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Former cinema restoration showcasing community spirit

A DERELICT 1930s cinema is being lovingly restored as a community arts venue.

The Roxy in Leadgate, County Durham, is being brought back to life by Watling Spaces, a community interest company (CIC), which is painstakingly returning the venue to its former glory.

The business has already completed a new two storey extension to the former cinema and bingo hall that includes three state-of-the-art studios, a new foyer and a café bar housed in the cinema’s original projection room.

The studios include sprung floors, mirror walls, top-rated sound-proofing and in-built AV systems. They have already been used for a variety of activities, from dance lessons to fitness classes, and band rehearsals to stand-up comedy, since opening in September 23.

The second phase of the development will see the stage and auditorium restored to create a 360-seat community theatre with stalls and a circle.

The project is being led by David Barnes who returned to his native North East after 14 years working as an actor in London to manage the restoration.

He said: “Although it’s been a lot of hard work, it’s a pleasure to see this iconic local venue coming back to life and the building being preserved for the future. We’re quite underserved by arts venues in North West Durham and we believe this can plug that gap and be a real community asset.

“I was part of local theatre groups in this area when I was a kid and I know the huge impact they can have on people’s lives, helping them grow in confidence and find their tribe, and that’s one of the big drivers for me.

“I’m also passionate about the arts being available to everyone and that’s why we’re making sure that all areas of the venue are fully accessible, including the grand circle, stage and orchestra pit.”

The Roxy opened as a cinema in 1939 and was converted into a bingo hall in 1963. The venue’s doors closed for the final time in 1985 and it has stood derelict since.

Watling Spaces is regenerating the entire building into a fully accessible community arts venue. Although the layout has changed substantially, the 1930s art deco features have been lovingly restored.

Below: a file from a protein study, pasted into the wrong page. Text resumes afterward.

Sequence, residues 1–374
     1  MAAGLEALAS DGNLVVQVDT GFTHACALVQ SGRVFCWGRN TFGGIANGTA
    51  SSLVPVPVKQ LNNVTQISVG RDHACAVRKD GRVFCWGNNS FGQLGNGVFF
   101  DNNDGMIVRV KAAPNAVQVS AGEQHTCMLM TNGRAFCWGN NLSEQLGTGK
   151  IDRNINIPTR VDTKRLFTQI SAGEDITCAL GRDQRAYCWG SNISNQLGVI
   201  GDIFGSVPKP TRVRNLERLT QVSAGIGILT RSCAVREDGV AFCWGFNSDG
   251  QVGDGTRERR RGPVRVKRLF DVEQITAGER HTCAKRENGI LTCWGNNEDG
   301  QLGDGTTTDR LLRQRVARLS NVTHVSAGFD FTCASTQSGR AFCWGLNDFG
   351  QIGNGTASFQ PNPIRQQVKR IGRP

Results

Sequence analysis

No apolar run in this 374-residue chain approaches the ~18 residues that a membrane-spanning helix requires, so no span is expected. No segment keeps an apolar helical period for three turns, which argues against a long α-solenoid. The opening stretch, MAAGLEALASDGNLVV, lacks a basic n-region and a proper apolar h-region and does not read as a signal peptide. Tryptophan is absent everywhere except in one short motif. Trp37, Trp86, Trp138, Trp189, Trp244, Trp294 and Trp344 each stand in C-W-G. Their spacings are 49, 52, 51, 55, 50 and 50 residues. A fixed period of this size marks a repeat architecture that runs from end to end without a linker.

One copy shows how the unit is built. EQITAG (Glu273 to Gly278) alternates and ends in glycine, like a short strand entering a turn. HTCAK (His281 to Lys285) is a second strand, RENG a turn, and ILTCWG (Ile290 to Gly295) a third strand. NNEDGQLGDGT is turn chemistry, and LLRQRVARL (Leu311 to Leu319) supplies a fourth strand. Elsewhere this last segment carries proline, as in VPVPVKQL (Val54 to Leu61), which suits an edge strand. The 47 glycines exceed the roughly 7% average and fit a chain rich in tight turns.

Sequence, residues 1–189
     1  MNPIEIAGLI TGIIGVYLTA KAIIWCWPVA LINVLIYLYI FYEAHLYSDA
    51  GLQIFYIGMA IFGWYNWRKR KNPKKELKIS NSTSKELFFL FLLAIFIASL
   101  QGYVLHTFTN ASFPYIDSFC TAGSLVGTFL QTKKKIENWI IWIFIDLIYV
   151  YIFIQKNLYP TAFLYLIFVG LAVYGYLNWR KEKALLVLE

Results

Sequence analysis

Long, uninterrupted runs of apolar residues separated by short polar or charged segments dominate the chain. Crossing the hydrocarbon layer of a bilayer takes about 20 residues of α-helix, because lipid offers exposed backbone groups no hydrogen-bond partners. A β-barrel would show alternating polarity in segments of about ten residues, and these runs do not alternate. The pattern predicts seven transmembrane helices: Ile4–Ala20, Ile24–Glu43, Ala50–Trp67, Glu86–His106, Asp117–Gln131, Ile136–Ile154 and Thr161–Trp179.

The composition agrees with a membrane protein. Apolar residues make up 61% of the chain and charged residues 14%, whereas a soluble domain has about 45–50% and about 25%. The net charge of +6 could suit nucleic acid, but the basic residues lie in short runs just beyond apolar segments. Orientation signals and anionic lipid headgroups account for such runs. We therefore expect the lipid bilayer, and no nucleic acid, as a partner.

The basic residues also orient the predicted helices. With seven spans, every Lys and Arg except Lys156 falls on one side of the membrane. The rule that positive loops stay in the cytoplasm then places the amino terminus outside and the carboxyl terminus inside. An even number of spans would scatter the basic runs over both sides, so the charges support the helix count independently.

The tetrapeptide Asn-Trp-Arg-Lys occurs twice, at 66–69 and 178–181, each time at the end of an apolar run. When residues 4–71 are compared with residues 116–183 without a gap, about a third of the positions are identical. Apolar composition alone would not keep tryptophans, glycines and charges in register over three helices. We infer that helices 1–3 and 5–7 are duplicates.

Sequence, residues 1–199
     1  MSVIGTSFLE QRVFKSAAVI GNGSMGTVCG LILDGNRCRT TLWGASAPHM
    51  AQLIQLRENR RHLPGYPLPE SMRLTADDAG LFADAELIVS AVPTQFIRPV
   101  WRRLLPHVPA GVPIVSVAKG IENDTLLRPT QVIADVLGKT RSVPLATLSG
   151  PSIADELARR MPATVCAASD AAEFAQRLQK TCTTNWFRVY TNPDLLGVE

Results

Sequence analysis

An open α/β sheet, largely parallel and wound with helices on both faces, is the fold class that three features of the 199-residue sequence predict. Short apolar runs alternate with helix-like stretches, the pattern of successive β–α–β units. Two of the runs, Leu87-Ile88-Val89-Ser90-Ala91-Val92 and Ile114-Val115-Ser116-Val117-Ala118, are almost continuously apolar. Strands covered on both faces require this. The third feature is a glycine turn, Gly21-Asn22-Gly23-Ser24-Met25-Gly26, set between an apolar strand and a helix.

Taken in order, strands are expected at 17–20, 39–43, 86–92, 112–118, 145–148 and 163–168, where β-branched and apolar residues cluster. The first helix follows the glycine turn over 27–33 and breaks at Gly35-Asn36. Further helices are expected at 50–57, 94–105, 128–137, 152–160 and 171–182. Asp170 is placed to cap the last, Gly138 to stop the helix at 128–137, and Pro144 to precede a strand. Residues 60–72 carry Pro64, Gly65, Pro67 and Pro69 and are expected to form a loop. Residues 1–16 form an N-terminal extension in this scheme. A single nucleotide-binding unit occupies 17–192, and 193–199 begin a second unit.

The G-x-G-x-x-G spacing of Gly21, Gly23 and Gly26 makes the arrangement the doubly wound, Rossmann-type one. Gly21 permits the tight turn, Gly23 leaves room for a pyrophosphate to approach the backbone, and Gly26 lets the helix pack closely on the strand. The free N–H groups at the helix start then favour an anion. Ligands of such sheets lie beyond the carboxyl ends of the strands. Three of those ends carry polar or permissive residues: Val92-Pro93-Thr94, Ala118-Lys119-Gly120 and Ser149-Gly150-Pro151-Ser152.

The project has been a labour of love for David and his team of three, who have carried out all of the work themselves, learning the skills and regulations to make sure everything produced is up to spec.

“I’ve had to become a bit of an expert in a lot disciplines,” joked David. “I’m also from a family of builders and tradespeople so being able to call on their expertise has been vital to the success of the project.

“We’ve tried to re-use and upcycle as much as possible, such as using the old auditorium floor in other parts of the venue and incorporating the old projectors into the new stage decoration.

“We also set up as a CIC to ensure that any money made is re-invested into the building and the groups that operate out of it.”

David and the team are also looking to engage with other like-minded individuals and organisations to help provide a variety of performance arts-related projects that engage and inspire young people from across County Durham.

He added: “By offering opportunities for creative expression, exploration, and collaboration, we can help our young people develop essential skills such as critical thinking, problem-solving, and communication. These projects can serve as platforms for self-discovery and personal growth, empowering young individuals to unlock their talents and pursue their passions.

“Through the power of the arts and artistic endeavours, we can nurture a new generation of confident, innovative, and resilient individuals who are well-equipped to navigate the complexities of the modern world and reach their full potential.

“We would also like to enable those from the SEND community to integrate into mainstream activities, helping them to break down barriers and promote inclusivity within our communities. We really want this to be a community asset for everyone.”

The community interest company (CIC) is now being supported by business advisers at the North East BIC, through the Social Enterprise Boost Durham programme funded by the UK Government.

Judith Falla, Social Enterprise Business Adviser at the BIC, said: “It has been an absolute pleasure supporting David and the Watling Spaces team and seeing the venue develop. David’s vision is bringing a bit of London theatre to Leadgate and benefiting the local and wider community, so watch this Watling Space.”

For more information about Watling Spaces, visit https://www.watlingspaces.co.uk/

For more information about Social Enterprise Boost Durham, visit https://www.ne-bic.co.uk/social-boost-durham/

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